American RadioWorks |
Photos: Stephen Smith

Thirsty Planet

Scientists say most people on Earth will first experience climate change in terms of water -- either too much or too little. This documentary explores some of the most pressing water problems and some innovative solutions by visiting two countries where water issues are critical: India and Israel. A vast and ecologically diverse country, India suffers from water problems found across the globe: flooding, drought, pollution, and lack of access by the poor. In Israel, a combination of cutting-edge technology and sweeping government policy has largely solved the nation's long struggle with water scarcity. But the benefits of abundant water are not shared equally throughout Israel and the West Bank.

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in collaboration with Spotlight on Poverty and Opportunity

Pay wages comparable to the cost of living

File under: income, Human and civil rights, public perception

0 (0 votes)

From: Jan L., Fairfield, ME

When the poor are asked how to end poverty, they instantly reply: "Give us enough money." This is true if you are working at a job paying under $10 an hour, or on disability or Temporary Assistance for Needy Families (TANF).

Since 1349 and 1350 (no mistake in the years), the labor laws decided that workers were being paid to much. And this attitude has stuck to 2010.

We must have an economy of love, rather than one of gross profits for businesses. It's time to turn away from "whatever the market will bear," to "what is fair," a modest profit for all, and everyone paid a real, livable wage.

We need to educate the wealthy.


Comments:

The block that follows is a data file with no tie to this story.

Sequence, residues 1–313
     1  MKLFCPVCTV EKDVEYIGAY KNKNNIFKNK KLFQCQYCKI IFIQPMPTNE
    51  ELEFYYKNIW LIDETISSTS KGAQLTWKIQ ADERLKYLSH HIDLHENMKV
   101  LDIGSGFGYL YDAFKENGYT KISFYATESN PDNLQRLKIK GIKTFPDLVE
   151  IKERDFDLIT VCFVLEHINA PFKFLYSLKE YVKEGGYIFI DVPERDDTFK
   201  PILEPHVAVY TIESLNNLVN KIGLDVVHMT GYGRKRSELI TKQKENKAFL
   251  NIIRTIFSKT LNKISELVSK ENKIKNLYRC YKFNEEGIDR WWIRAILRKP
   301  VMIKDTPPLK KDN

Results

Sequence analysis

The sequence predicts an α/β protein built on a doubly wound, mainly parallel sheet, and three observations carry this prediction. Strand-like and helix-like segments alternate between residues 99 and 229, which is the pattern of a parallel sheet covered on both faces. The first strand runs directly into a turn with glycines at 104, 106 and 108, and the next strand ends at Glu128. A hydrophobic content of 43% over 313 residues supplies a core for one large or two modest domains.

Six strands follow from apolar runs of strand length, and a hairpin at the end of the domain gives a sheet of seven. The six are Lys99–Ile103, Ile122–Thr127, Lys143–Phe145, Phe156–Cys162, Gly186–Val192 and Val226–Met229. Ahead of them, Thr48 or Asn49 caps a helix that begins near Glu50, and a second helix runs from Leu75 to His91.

American RadioWorks |
Photos: Stephen Smith

Thirsty Planet

Scientists say most people on Earth will first experience climate change in terms of water -- either too much or too little. This documentary explores some of the most pressing water problems and some innovative solutions by visiting two countries where water issues are critical: India and Israel. A vast and ecologically diverse country, India suffers from water problems found across the globe: flooding, drought, pollution, and lack of access by the poor. In Israel, a combination of cutting-edge technology and sweeping government policy has largely solved the nation's long struggle with water scarcity. But the benefits of abundant water are not shared equally throughout Israel and the West Bank.

Recent Posts

  • 05.12.16

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    The nation is changing the way it thinks about teen sex trafficking. States have decriminalized it for teens and offered help, and some are attacking the demand for commercial sex.
  • 05.12.16

    Numbers elusive when it comes to trafficking

    Estimating the number of human trafficking victims in the United States is notoriously difficult.
  • 05.12.16

    India: Delivering water by hand

    In much of India, getting enough water is a low-tech affair. In some places, women draw water by hand; in others suicide rates among farmers have risen because drought and dropping water tables make their lives difficult.
  • 05.12.16

    Israel: Using technology, engineering to cut reliance on Galilee

    Water has been a matter of national security for Israel since the nation's inception. Drought and growth have pushed the country to use desalination, wastewater recycling and other technology and engineering feats to address the demand. But it's a different picture where Palestinians are involved.